Rethinking senior secondary certification frameworks to incorporate greater integration of academic and vocational training can expand student options beyond a narrow focus on tertiary admission rankings and support national productivity. According to Professor Peter Dawkins, “the status of VET needs a big boost in Australia, as does the status of skills relative to knowledge in our education system”, to address our growing skills shortage (National Press Club Address October 6, 2023). 


Recognising capabilities beyond test scores, enhancing transitions through earlier career guidance from Year 8 onwards, and funding research on re-engaging those failed by mainstream schooling should be new priorities.


Increasing the number of VET courses available to students and removing the requirement for tertiary qualified VET teachers to attain Certificate IV in Training and Assessment at significant cost and without commensurate salary recognition, are obvious ways to reduce barriers to accessing these pathways for students.


Better metrics to assess and accredit student, school and system success are required; as Professor Sandra Milligan of the Melbourne Assessment project says, “young people must now be educated and assessed in new ways, so they are prepared for a very different future”.


The continued dominance of traditional 20th-century secondary schooling models undoubtedly fuels disengagement for many of our young people. A broader recognition system will assist our young people to engage and succeed in life and work into the future. Increased investment in careers education and VET will lead to more sustainable career paths and improved employment prospects.


We celebrate what we measure: accrediting new pathways will encourage and engage learners to develop the competencies they need to adapt and thrive. 


Sustaining leaders, enabling achievement

Policy reforms alone won’t lift outcomes for our learners. Wellbeing and engagement among Australia’s secondary school-age learners have been in long-term decline. This is especially true for the most disadvantaged students who attend predominantly public schools. 


Meanwhile, the long-running ACU Principal’s Health & Wellbeing Survey reveals alarming stress, exhaustion and burnout rates that continue unabated. Given that principals play the most critical enabling role in our schools, their health, wellbeing, and efficacy are essential prerequisites for happy, healthy, and successful schools.


Our public school leaders need to be retained and sustained. In the face of teacher shortages, increasing occupational violence, and entrenched inequity of resourcing to support the majority of disadvantaged Australian students, effective interventions are required.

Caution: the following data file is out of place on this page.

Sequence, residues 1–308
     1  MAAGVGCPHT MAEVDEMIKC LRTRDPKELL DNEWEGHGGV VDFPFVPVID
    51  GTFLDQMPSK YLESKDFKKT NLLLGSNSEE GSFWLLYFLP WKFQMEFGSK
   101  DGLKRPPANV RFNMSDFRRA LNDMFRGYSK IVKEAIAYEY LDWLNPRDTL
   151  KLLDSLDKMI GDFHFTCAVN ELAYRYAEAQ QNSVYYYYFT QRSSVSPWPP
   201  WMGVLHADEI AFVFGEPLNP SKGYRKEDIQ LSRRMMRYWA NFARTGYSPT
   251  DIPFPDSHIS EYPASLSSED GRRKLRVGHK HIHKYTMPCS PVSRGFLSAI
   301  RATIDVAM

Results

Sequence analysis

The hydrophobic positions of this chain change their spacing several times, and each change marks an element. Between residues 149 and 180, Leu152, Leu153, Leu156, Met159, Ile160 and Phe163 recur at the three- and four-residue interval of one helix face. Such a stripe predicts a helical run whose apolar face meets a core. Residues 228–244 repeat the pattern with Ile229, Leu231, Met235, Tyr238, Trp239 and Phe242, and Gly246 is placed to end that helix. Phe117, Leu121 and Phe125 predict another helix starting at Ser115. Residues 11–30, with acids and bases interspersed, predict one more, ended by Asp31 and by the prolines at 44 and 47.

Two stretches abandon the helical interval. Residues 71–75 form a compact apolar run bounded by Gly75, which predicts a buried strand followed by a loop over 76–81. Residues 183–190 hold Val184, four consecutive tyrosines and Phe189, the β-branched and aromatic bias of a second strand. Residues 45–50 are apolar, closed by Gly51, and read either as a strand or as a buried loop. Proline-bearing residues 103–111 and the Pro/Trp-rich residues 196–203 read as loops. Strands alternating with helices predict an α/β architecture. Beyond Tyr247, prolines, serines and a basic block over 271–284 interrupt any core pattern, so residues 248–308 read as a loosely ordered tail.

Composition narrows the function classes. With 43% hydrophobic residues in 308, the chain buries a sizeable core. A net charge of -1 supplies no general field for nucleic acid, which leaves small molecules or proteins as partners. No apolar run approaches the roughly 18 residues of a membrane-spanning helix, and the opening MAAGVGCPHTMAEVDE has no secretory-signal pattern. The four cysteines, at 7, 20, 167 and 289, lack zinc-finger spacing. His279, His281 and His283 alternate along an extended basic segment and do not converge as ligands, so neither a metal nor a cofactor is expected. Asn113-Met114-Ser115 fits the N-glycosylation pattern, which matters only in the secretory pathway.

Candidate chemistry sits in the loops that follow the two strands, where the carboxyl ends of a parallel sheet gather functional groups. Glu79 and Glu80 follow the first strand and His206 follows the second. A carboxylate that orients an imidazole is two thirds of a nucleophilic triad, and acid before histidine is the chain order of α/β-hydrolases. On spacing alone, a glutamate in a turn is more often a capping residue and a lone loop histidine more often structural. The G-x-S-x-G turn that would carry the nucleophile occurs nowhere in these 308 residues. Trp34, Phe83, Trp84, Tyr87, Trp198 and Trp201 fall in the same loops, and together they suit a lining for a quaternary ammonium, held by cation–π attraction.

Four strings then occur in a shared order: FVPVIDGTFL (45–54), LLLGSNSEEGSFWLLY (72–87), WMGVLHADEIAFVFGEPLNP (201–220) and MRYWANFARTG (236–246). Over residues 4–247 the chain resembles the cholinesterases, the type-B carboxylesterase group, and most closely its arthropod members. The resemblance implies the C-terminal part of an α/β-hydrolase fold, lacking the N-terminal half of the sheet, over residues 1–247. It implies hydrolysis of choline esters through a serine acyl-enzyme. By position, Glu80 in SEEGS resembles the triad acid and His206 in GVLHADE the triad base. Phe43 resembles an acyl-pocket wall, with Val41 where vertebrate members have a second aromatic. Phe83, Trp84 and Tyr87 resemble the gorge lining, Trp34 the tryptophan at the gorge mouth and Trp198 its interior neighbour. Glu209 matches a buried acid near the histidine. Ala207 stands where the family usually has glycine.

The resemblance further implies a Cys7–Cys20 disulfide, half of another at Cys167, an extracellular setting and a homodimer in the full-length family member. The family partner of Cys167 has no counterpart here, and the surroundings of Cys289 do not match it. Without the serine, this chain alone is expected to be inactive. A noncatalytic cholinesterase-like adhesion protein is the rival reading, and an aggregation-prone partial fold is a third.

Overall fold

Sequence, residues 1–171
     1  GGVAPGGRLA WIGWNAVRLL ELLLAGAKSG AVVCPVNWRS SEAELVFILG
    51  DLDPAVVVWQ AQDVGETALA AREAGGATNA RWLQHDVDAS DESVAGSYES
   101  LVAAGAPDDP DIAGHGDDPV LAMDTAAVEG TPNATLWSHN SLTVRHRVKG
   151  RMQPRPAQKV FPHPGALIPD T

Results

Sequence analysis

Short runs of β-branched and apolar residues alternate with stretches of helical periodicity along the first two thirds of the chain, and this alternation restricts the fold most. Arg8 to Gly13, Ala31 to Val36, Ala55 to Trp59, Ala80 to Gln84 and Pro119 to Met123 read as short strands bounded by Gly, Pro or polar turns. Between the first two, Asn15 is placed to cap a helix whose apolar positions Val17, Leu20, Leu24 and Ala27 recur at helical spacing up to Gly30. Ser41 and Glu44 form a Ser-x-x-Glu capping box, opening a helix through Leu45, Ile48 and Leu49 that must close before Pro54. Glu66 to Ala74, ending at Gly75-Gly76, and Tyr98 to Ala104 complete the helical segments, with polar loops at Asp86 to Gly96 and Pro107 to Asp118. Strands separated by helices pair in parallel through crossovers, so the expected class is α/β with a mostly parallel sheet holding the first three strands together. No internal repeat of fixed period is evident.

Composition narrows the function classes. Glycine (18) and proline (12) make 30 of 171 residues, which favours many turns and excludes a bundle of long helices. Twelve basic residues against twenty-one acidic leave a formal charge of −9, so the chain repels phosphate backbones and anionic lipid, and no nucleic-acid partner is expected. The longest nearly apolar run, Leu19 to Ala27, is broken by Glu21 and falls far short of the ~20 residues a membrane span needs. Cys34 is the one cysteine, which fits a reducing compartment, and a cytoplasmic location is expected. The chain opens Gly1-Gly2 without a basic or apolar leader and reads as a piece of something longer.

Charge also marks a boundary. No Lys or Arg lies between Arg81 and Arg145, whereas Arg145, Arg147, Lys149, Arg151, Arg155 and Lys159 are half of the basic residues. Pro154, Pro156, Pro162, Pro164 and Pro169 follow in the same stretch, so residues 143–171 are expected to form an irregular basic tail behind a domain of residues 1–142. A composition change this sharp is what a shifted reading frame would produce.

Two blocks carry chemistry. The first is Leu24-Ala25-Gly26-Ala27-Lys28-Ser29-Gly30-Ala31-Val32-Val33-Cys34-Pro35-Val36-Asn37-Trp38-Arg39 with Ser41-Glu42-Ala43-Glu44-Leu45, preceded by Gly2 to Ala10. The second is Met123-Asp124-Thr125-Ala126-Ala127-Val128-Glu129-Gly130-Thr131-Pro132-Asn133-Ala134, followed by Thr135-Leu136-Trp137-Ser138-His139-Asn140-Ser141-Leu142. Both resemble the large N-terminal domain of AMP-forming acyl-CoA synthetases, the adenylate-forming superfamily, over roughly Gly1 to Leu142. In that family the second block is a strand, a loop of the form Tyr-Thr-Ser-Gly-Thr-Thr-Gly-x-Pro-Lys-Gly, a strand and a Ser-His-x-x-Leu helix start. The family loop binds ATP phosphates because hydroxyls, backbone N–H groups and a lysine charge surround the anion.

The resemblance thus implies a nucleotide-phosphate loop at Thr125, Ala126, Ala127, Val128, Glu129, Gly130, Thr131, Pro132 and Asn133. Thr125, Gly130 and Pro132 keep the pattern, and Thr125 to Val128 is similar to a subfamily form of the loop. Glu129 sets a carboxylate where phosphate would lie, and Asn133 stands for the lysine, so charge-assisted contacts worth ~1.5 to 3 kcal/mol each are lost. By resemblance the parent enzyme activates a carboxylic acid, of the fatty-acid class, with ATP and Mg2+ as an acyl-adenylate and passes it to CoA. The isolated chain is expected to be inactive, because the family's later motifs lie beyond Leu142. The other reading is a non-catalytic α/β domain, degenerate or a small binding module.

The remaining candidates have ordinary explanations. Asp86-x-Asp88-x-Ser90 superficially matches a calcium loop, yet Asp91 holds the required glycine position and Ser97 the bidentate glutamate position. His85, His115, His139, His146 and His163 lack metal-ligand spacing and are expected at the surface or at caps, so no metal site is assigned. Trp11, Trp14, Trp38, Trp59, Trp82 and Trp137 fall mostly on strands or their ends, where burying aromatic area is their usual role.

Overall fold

Practical strategies to enable more sustainable working conditions must be implemented. Nationally uniform legislation based on the Victorian Government’s Education and Training Reform Amendment Act 2021 protecting school communities from harmful behaviour, would be of practical use.


Increased resourcing and development for administrative, support and allied health staff, and improved business administration systems would help reduce intense workload pressures. Increased accountability and responsiveness to the needs of schools from education systems, and ongoing funding for monitoring principal welfare and evidence-based interventions will help sustain the profession.



Future directions

With the pragmatic engagement of policymakers and practitioners, the upcoming summit seeks to place equity at the centre of national education strategy by producing practical ‘next-best-step’ solutions for optimal resourcing, accreditation, and pathways through a healthy education system.


Reducing obstacles for principals and schools and targeting resources and programs where they are most needed will help all our students access a high-quality education.

A collective commitment to inclusion is vital so schools can give every student the tools to realise their potential. Supporting public school communities and our least disadvantaged ultimately uplifts society overall.


If the post-pandemic decade holds any hope of transforming secondary education to serve all young Australians, then policy leaders must prioritise listening and responding to the evidence and advice from school leaders and their communities. The graduates destined to steward our shared future into the coming century deserve no less than a system built around enabling their success.


But meaningful change begins with this commitment to engagement with schools. Perhaps from a solutions-focused dialogue focused on all of our students, not scores or ideology, a fairer path to educational opportunity may finally emerge.


By Andy Mison

President

Australian Secondary Principals’ Association














02 6232 0060